The fact that there is now such an extensive gap between Conservative rhetoric, the claims being made and reality makes the task of critical analysis difficult.
But the most striking thing isn’t just the disorientating gap between rhetoric and reality: it is also the gap between the bland vocabulary used and the references, meanings and implications of what is actually being said.
Lying, saying one thing and doing another, creating a charade to project one false reality when something else is going on, is very damaging: it leaves people experiencing such deception deeply disorientated, doubting their own memory, perception and sanity.
To cover their tracks and gloss over the gaping holes in their logic, the Tories employ mystification techniques, the prime function of which is to maintain the status quo. Marx used the concept of mystification to mean a plausible misrepresentation of what is going on (process) or what is being done (praxis) in the service of the interests of one socioeconomic class (the exploiters) over or against another class (the exploited). By representing forms of exploitation as forms of benevolence, the exploiters confuse and disarm the exploited.
The Conservatives also use Orwellian-styled language – semantic shifts – and construct incongruent, dissonance-inducing narratives to misdirect us, and to mask the aims and consequences of their policies. For example, the words “fair”, “support” and the phrase “making work pay” have shifted to become simple socio-linguistic codifications for very regressive punitive measures such as cuts to social security support.
The semantics are also stratified. People who are unaffected by austerity policies will probably take the bland vocabulary at face value. Cameron said:
“The British people are decent, sensible, reasonable, and they just want a government that supports the vulnerable.”
However, the “vulnerable” know a very different reality to the one substituted and described on their behalf. People who are adversely affected by Conservative policy will regard the bland vocabulary as bewildering, deceitful, frightening – especially because of its incongruence with reality – and most likely, as very threatening. Such rhetoric is designed to hide intention, but it is also designed to deliberately invalidate people’s own experiences of Tory policies and ultimately, the consequences of an imposed Tory ideology.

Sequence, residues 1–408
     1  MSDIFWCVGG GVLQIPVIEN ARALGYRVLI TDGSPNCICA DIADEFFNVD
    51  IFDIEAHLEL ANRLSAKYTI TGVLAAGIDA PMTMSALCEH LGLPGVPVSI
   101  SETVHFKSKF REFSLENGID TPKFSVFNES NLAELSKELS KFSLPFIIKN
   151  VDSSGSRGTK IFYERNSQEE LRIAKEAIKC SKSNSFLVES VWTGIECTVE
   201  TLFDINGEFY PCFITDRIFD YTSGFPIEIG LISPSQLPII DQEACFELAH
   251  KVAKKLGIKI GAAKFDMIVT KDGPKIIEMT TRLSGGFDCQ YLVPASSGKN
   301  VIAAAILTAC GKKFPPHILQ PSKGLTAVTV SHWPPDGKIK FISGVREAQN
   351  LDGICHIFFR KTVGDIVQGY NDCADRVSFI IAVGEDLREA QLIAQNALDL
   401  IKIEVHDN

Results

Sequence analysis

Not that there can be any mistaking the threats aimed at sick and disabled people from Duncan Smith in his Conference speech. He said:
“We won’t lift you out of poverty by simply transferring taxpayers’ money to you. With our help, you’ll work your way out of poverty.”
Of course the Work and Pensions secretary employed a traditionally Tory simplistic, divisive rhetoric that conveniently sections the population into “deserving” tax payers and “undeserving” non-tax paying citizens, to justify his balefully misanthropic attitude towards the latter group, as usual. However, the majority of sick and disabled people have worked and have contributed tax.
Tory claims are incongruent with reality, evidence, academic frameworks and commonly accepted wisdom.
As Dr Simon Duffy, from the Centre for Welfare Reform points out, the poor not only pay taxes they also pay the highest taxes. For example, the poorest 10% of households pay 47% of their income in tax. This is a higher percentage than any other group. We tend to forget that people in poverty pay taxes because we forget how many different ways we are taxed:
- Income tax
- National Insurance
- Council tax
- Social care charges, and many others taxes.
Mr Duncan Smith said that many sick and disabled people “wanted to work” and that the Government should give them “support” to find jobs and make sure the welfare system encouraged them to get jobs.
Ah, he means the “making work pay,” approach, which is the Tory super-retro approach to policy-making, based on the 1834 Poor Law principle of less eligibility again. The reality is that sick and disabled people are being coerced by the state into taking any very poorly paid work, regardless of whether or not they can work, and to translate the rhetoric further, Duncan Smith is telling us that the government will ensure the conditions of claiming social security are so dismal and brutal that no-one can survive it.
Cameron also claims that the Conservatives are the “party for workers”, and of course lamblasted Labour. Again. Yet it was the Labour party that introduced tax credits to ensure low paid workers had a decent standard of living, and this government are not only withdrawing that support, we are also witnessing wages drop lower than all of the other G20 countries, since 2010, the International Labour Organisation reliably informs us.
This fall not only led to a tight squeeze on living standards (the cost of living has rapidly increased), it also led to a shortfall in treasury income in the form of tax revenues. But all of this is pretty standard form for Conservative governments, and shouldn’t come as any surpise, given their history and ideological foundation. We see recession, lower standards of living, wages being driven down and poorer working conditions under very single Tory government. Thatcher did the same, for example.
And Cameron’s promise during his address to the Conservative party conference that “an all-out assault on poverty” would be at the centre of his second term is contradicted by a sturdy research report from the Resolution Foundation that reveals planned welfare cuts will lead to an increase of 200,000 working households living in poverty by 2020.
Duncan Smith also criticised what he claimed was Labour’s “something for nothing culture” which was of course a very supportive and fair, reasonably redistributive system. He also dismissed and scorned the protests against his policies, which his party’s conference has been subject to. But demonstration and protest is a mechanism of democracy for letting a government know that their policies are having adverse consequences.